Catching R.A. Dickey's knuckleball a challenge for NL catchers
Not only is hitting R.A. Dickey's knuckleball difficult, so is catching it. Phillies catcher Carlos Ruiz will likely be charged with that task in Tuesday's All-Star Game.
“The way to catch a knuckleball is to wait until it stops rolling and pick it up” -- Bob Uecker
KANSAS CITY -- Buster Posey probably won’t catch Mets knuckleballer R.A. Dickey in Tuesday’s All-Star Game, but until Sunday night, he thought he may just have to. He asked around the Giants clubhouse if anyone could throw the pitch so he could practice catching the pitch. He already knew he had trouble hitting it and hoped catching it would be a little easier.
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In the end, Posey probably won’t get the chance to see what it’s like to be on the other end of Dickey’s knuckler, as National League manager Tony La Russa hinted that Phillies catcher Carlos Ruiz would likely enter the game at the same time as Dickey so the two could warm up in the bullpen together.
The extra time warming up together should help Ruiz adjust to catching the game’s most unusual pitch, plus he has the added bonus of having caught a knuckleballer before. Ruiz noted he caught Jared Fernandez in 2005 with the Triple-A Scranton/Wilkes-Barre Red Barrons. Fernandez, 40, last pitched in the big leagues in 2006 with the Brewers.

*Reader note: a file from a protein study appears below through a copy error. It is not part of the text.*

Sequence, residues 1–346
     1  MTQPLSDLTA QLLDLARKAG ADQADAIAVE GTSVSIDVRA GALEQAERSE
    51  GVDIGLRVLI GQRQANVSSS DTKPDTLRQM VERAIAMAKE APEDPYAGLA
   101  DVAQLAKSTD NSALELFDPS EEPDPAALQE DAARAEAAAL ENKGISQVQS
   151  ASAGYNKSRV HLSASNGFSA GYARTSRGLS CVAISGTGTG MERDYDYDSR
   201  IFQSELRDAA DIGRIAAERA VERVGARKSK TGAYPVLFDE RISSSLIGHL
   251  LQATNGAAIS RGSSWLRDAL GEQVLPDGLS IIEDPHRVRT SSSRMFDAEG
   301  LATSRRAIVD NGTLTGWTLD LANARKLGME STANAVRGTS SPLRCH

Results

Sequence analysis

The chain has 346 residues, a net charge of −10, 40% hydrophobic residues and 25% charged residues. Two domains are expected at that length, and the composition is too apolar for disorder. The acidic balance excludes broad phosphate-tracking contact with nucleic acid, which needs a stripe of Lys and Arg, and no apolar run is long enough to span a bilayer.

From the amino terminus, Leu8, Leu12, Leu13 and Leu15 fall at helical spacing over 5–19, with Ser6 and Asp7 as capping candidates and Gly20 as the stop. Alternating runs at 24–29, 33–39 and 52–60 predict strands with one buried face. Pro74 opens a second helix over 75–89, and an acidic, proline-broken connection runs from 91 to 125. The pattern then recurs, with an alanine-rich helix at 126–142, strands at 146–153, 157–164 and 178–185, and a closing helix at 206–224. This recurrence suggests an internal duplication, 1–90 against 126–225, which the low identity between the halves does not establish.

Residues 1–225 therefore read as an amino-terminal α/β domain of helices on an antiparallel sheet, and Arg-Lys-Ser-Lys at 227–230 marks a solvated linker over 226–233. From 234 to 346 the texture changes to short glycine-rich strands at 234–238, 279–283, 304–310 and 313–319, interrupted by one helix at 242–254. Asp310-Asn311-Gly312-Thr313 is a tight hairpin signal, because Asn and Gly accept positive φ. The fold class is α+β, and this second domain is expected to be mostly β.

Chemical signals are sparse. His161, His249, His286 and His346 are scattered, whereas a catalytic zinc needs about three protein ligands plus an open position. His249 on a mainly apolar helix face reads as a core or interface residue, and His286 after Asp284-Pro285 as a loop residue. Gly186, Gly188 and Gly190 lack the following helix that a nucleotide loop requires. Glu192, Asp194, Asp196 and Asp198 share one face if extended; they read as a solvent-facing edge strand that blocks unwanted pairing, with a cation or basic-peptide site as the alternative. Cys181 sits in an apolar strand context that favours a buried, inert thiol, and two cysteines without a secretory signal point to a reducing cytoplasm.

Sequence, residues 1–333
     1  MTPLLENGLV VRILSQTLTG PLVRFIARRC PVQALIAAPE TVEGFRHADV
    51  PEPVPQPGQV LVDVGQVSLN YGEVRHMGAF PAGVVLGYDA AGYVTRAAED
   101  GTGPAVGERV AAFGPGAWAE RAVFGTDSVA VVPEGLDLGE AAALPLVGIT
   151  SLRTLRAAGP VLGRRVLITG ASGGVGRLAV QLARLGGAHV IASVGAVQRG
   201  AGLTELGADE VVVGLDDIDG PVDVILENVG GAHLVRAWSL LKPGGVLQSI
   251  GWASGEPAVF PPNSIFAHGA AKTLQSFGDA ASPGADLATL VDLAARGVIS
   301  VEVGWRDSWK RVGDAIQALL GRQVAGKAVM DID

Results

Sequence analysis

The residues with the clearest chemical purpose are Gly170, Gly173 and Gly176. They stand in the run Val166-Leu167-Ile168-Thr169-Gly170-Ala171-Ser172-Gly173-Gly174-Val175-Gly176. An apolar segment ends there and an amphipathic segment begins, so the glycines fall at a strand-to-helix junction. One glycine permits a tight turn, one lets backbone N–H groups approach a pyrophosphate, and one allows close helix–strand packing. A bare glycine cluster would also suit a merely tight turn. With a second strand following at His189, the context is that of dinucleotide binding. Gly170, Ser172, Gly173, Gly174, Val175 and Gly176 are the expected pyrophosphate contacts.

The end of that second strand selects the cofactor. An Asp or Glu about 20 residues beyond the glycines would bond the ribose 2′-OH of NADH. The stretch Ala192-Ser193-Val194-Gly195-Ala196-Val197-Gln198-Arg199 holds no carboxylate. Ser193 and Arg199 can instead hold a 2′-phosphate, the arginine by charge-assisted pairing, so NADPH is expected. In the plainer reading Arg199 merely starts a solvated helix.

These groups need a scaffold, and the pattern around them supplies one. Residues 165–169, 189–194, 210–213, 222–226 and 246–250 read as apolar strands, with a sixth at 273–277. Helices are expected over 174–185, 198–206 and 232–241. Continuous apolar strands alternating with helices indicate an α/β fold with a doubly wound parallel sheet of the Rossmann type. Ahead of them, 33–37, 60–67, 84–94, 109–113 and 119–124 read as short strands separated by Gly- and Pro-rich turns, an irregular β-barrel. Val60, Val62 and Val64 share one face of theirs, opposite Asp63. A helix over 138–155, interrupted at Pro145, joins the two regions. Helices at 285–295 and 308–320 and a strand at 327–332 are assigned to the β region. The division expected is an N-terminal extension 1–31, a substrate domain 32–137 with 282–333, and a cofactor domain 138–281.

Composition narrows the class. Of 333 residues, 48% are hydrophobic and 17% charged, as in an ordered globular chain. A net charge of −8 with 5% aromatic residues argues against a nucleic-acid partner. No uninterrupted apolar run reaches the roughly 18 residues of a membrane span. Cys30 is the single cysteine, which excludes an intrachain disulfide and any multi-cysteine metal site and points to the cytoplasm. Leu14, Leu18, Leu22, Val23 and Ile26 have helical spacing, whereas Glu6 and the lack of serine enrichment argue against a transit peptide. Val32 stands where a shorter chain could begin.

“For the most part, you have to be more relaxed. It’s hard to explain,” Ruiz said Monday. “You feel like you have to be relaxed -- if you try to reach for a ball, that’s what you’re going to have trouble. You have to let it come to you.”
Ruiz said when he was in the minors, Fernandez traveled with his own glove. As CBSSports.com’s Scott Miller noted earlier this week, Dickey was bringing along Josh Thole’s glove for Ruiz. Thole uses a Rawlings Spark women’s softball catcher’s mitt to catch the knuckler and Ruiz will be using that when he catches Dickey, he said.
Posey said he hopes to catch a couple, just to satiate his curiosity.
Twins catcher Joe Mauer caught Dickey’s knuckleballer in 2009, before Dickey went to New York. He remembered Dickey came with his own gloves -- “it’s kind of a package deal,” Mauer said.
Mauer said it’s tough at first to catch the knuckler and gets easier, but is never easy.
“I know when R.A. came over, I hadn’t caught a true knuckleballer before. He gave me some pointers, I’m sure he’s talking with Ruiz or whoever is catching him,” Mauer said. “I’m sure it can be nerve-wracking, especially with guys on base.”
Indeed, Ruiz and Dickey discussed their gameplan on the bus from the team’s hotel to the media availability at Arrowhead Stadium on Monday. Ruiz is confident he can do it -- and glad he’s not having to hit it. Ruiz has a double in his seven plate appearances against Dickey, but that’s his only hit.
Dickey recently one-hit the Orioles, and that one hit didn’t belong to catcher Matt Wieters. Wieters struck out in all three of his at-bats. He’s never caught a knuckleball and isn’t sure catching it is any easier than hitting it.
“We have some position players, we’ve had guys when we’re running low on pitchers try it out in the bullpen, but never got in the game and used it,” Wieters said. “I look at guys like Josh Thole and he looks like he’s mentally drained after a game.”